Enlarge /. The headquarters of the Food and Drug Administration in White Oak, Maryland.
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President Donald Trump said Wednesday he could oppose the Food and Drug Administration's plan to issue stricter safety and efficacy standards for COVID-19 vaccines, calling the plan a "political move."
The new standards aim to build public confidence in the FDA and its vaccine review process, which has been badly damaged by many reports of political interference and interference from the Trump administration. These reports contain allegations that the FDA has been pressured by the White House to allow COVID-19 patients to receive treatment with unproven blood plasma and the malaria drug, hydroxychloroquine, which Trump has personally touted. (The approval of hydroxychloroquine was later revoked by the FDA.) Just last week, Trump's Minister for Health and Human Services, Alex Azar, revoked the FDA's authority to sign new regulations.
Trump himself has consistently undercut state health advice and government scientists, notably Robert Redfield, its director of the Centers for Disease Control and Prevention. Trump has also repeatedly pushed for a vaccine to be released before the elections, although again experts have repeatedly pointed out that such a quick release is next to impossible based on the schedule of ongoing clinical trials and the amount of data required, even preliminary assessments of safety and effectiveness .
As a result, public confidence in the FDA's vaccine review process has decreased. The percentage of people who said they were ready to receive an FDA-cleared COVID-19 vaccine declined from 72 in May to 51 this month, according to a survey by the Pew Research Center.
To push those numbers up again, the FDA planned to expedite its approval process. It was announced earlier this week that the agency was ready to introduce new, stringent standards for a COVID-19 vaccine in order to gain approval for an emergency. This is generally a faster and less stringent process than obtaining full regulatory approval. The agency had already announced that a vaccine must demonstrate at least 50 percent of the effectiveness of COVID-19 in order to receive full approval.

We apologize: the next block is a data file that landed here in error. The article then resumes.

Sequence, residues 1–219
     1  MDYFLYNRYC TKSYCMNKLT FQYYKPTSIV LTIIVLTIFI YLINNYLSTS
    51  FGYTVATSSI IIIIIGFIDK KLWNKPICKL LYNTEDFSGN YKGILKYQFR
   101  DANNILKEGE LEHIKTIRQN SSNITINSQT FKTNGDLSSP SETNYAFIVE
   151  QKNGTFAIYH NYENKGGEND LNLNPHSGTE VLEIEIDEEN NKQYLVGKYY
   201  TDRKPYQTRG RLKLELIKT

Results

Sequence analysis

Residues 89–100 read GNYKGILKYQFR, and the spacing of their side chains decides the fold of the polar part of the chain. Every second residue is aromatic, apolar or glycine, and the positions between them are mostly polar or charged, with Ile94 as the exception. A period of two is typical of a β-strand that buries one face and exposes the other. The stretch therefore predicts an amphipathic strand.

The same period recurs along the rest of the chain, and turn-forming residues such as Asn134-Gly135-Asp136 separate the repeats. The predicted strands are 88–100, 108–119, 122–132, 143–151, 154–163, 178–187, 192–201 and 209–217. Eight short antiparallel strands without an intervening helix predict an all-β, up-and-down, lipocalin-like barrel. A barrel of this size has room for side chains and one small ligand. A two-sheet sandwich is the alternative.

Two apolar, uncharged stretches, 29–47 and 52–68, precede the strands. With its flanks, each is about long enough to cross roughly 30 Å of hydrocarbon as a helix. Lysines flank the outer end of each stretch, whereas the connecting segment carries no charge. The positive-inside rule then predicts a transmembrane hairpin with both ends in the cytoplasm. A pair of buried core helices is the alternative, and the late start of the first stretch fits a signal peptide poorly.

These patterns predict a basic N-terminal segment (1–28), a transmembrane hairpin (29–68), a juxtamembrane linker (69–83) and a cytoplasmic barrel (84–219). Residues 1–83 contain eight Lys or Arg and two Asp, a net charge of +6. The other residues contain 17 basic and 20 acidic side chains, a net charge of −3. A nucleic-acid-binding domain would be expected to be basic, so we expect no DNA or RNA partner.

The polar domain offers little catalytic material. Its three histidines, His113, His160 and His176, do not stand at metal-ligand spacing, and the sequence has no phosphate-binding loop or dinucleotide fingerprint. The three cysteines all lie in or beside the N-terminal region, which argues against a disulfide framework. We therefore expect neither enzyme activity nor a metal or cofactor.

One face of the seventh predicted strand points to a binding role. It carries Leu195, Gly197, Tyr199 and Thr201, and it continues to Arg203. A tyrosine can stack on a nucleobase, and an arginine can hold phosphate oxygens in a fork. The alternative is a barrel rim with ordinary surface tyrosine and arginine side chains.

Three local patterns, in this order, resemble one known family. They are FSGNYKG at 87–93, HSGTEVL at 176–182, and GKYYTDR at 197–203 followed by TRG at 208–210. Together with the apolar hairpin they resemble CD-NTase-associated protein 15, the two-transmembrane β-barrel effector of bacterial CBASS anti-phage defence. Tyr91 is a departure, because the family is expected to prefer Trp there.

Although the new standards for approval have not yet been released, those familiar with them told the Washington Post that they would require vaccine developers to provide participants with a median of at least two months after their final vaccine dose (several of the vaccines) Currently in late-stage studies, two doses are required. The standards would also require vaccine developers to identify at least five cases of severe COVID-19 in study participants who received a placebo instead of an experimental vaccine. The new standards also require studies to identify cases in older participants who received a placebo.
Given the additional requirements, two-month follow-up, as well as the required data analysis and FDA filing, experts say it is next to impossible for a vaccine to get approved before a choice. Some of the earliest, late-stage studies began in late July, and it took weeks before only half of the required participants were enrolled.
When asked about the standards proposed by the FDA in a press conference on Wednesday, Trump said he could oppose them. "We're looking at this and it has to be approved by the White House," he said. “We can approve it or not. That sounds like a political step. "
He said the new standards could delay the release of a vaccine and that they were unnecessary because "I have great faith in these massive (pharmaceutical) companies" that are developing the vaccines.
"When you have Pfizer, Johnson & Johnson, Moderna, these great companies come up with this – the vaccines," Trump said, "and they did tests and everything else. I say," Why should they be? Do you know how to add great length to the process? & # 39; ”
Before leaving the press conference, Trump added again that the FDA's plan "sounded extremely political".
In a statement on Thursday, the presidents of the National Academy of Sciences and the National Academy of Medicine said they were "alarmed" by the political conclusions amid the pandemic. "Our nation is at a critical time in the course of the COVID-19 pandemic and important decisions lie ahead of us, particularly regarding the effectiveness and safety of vaccines," wrote the top scientific couple. “We find ongoing reports and incidents of the politicization of science, particularly the overwriting of evidence and advice from public health officials and the ridicule of government scientists, alarming. It undermines the credibility of public health authorities and the public's trust in them when we need it most … Any effort to discredit the best scientists and scientists threatens the health and well-being of all of us. "